Economic news

Shanghai Base Metals Jump on Chinese Demand

BEIJING, Aug 6 (Reuters) - Several Shanghai base metals gained sharply in Thursday’s morning session, after hitting multi-month highs overnight, as demand in top consumer China strengthened and investors worried about coronavirus-led disruptions at overseas suppliers.

Nickel ended the morning up 2.6% and rose as much as 5% in Shanghai night trading to its highest since Nov. 19, after key miner the Philippines reimposed a lockdown in parts of the country.

Zinc, the supply of which has been hit by mining curbs in Peru, was up 2.2% in Shanghai after hitting its highest in more than a year overnight, while sister metal lead was up 1.8% after touching its highest since Oct. 23.

“Compared with copper, the earlier rally in nickel and zinc was not much,” one trader said. “Given the current bullish base metals backdrop, these two are now making up gains.”

Shanghai zinc rose 11.5% in the second quarter and nickel 10.3%, versus an almost 25% jump for copper as Chinese demand roared back from a coronavirus-driven collapse.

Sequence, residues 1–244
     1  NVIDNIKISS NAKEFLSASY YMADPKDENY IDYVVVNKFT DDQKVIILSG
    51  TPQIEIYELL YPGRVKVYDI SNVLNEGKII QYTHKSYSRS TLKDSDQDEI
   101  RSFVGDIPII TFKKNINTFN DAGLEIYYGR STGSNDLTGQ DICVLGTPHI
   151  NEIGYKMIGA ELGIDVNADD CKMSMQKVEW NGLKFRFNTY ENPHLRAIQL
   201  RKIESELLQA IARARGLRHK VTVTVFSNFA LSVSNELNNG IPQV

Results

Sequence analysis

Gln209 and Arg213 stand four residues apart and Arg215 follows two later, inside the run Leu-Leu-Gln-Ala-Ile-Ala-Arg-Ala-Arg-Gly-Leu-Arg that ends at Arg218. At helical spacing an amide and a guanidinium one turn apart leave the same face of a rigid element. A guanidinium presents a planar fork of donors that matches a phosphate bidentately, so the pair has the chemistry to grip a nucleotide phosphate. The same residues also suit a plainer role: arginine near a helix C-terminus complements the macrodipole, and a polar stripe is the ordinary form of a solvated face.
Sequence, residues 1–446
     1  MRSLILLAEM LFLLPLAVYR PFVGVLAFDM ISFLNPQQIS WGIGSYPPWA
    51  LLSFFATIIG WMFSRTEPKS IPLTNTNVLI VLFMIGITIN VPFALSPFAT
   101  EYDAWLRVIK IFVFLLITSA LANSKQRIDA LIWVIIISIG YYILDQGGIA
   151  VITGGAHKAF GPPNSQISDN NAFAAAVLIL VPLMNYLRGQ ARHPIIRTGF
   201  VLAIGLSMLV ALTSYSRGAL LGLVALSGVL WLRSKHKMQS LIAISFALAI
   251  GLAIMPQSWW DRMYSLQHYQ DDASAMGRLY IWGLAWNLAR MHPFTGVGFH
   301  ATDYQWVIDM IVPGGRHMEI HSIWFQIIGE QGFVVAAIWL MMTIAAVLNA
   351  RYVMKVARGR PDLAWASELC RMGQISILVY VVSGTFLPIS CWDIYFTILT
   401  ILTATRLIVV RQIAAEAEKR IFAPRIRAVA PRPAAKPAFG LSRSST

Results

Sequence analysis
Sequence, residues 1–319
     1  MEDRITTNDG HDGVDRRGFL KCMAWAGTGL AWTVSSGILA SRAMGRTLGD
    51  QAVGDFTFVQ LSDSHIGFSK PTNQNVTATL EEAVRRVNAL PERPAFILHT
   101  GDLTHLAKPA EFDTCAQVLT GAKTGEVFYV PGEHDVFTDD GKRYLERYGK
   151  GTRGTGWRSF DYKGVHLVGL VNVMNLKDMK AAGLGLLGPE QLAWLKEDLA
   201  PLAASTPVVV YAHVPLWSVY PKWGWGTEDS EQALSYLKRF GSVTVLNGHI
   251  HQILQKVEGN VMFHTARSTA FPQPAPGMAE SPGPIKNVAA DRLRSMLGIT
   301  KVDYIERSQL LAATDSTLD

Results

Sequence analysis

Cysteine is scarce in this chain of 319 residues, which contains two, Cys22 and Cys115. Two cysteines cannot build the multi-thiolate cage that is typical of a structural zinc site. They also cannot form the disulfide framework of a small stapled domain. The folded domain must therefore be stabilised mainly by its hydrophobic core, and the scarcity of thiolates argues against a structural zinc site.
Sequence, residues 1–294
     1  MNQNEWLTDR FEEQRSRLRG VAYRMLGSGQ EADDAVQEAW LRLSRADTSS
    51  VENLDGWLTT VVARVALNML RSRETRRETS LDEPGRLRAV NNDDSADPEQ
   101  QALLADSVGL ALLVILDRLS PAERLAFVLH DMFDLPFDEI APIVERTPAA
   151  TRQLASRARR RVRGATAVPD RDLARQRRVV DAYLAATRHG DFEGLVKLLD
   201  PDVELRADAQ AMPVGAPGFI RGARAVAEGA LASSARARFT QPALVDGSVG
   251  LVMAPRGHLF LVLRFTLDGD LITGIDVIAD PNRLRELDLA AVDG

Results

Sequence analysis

* NICKEL: The most-traded October nickel contract on the Shanghai Futures Exchange stood at 114,450 yuan ($16,483.04) a tonne, having touched 117,220 yuan overnight. London Metal Exchange nickel inched up 0.1% to $14,435 by 0347 GMT, after closing up 2.2% on Wednesday.

* ZINC: ShFE zinc was up 2.1% after hitting 19,550 yuan a tonne overnight, its highest since July 1, 2019, while London zinc eased 0.7% after hitting its highest since Jan. 22 on Wednesday.

* COPPER: LME copper shed 0.5% to $6,465 a tonne, while ShFE copper slipped 0.2% to 51,310 yuan a tonne.

* COPPER: Chile’s largest copper mines boosted output in June even as the coronavirus outbreak hit.

* STOCKS: LME copper stocks MCUSTX-TOTAL at 122,450 tonnes are at their lowest since mid-January and down more than 50% since May.

$1 = 6.9435 Chinese yuan

Reporting by Tom Daly; Editing by Rashmi Aich and Aditya Soni

Source: Reuters

To leave a comment you must or Join us

More news

Back to economic news list

By visiting our website and services, you agree to the conditions of use of cookies. Learn more
I agree